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Virtualization Extensions

The ARM Architecture virtualization extension and Large Physical Address Extension (LPAE) enable the efficient implementation of virtual machine hypervisors for ARM architecture compliant processors. 

To handle complex software with potentially large amounts of data, connected consumer devices and cloud computing demand energy efficient, high performance systems.

The visualization extensions provide the basis for ARM architecture compliant processors to address the needs of both client and server devices for the partitioning and management of complex software environments into virtual machines.

The Large Physical Address extension provides the means for each of the software environments to utilize efficiently the available physical memory when handling large amounts of data.

As the complexity of software increases, the requirement for multiple software environments to be available on the same physical processor increases simultaneously. Software applications that require separation for reasons of isolation, robustness or differing real-time characteristics need a virtual processor exhibiting the required functionality.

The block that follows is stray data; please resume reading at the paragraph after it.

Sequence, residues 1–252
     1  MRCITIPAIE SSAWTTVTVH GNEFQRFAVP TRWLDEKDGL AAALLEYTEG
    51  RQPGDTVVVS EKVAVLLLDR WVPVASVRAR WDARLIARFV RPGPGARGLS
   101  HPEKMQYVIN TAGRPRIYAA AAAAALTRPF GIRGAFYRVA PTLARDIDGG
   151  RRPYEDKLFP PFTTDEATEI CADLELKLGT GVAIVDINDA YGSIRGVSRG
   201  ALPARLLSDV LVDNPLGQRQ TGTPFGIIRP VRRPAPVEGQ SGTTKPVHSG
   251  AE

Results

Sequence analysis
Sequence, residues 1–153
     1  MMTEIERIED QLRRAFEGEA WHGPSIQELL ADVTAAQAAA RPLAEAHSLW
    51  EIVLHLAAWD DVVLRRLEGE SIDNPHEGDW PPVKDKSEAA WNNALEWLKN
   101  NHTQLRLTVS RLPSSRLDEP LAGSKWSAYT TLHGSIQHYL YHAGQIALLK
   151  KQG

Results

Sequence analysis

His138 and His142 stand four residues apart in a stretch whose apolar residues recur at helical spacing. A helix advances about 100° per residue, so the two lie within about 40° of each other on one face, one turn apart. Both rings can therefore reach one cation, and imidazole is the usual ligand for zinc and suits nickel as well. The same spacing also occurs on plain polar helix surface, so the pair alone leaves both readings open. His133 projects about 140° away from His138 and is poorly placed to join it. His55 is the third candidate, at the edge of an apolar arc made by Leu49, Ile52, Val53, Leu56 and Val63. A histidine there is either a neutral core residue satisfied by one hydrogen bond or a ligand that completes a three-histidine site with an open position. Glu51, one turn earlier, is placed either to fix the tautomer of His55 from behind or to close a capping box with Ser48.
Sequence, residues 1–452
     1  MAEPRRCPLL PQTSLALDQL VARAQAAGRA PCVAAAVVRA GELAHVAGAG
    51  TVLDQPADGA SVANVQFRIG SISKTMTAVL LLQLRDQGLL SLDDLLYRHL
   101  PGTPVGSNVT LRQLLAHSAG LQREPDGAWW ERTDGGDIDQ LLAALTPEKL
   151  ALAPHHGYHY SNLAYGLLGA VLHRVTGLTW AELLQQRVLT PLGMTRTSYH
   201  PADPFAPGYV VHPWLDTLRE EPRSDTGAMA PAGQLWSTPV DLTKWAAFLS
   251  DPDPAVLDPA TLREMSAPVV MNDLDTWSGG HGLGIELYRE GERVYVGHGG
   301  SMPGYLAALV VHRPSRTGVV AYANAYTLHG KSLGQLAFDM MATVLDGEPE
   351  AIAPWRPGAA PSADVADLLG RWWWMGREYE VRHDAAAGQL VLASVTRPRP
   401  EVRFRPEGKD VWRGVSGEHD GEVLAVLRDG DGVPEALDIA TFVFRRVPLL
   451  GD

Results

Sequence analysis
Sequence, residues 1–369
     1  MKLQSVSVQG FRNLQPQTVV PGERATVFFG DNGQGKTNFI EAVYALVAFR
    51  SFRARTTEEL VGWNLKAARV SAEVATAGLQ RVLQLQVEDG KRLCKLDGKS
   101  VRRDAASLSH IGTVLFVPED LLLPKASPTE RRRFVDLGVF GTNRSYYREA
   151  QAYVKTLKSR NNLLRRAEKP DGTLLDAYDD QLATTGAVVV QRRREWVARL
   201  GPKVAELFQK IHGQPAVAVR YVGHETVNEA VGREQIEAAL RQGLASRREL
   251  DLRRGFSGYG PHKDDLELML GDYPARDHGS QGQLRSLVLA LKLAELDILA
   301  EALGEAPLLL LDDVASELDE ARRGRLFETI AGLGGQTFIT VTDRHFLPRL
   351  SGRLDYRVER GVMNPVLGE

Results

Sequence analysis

To provide virtual processors in an energy-efficient manner requires a combination of hardware acceleration and efficient software hypervisors. The ARM Architecture Virtualization Extension standardizes the architecture for implementation of the hardware acceleration in ARM application processor cores, while high performance hypervisors from the world’s leading virtualization companies provide the software component upon which to build effective software combinations.

Cloud computing and other data or content oriented solutions increase the demands on the physical memory system from each virtual machine. The large physical address extensions provide a second level of MMU translation table so that each 32-bit virtual memory address mapped is within a 40-bit physical memory range. This allows systems to allocate sufficient physical memory to each virtual machine to maintain efficient throughput when total demands on memory exceed the range of 32-bit addressing.

 
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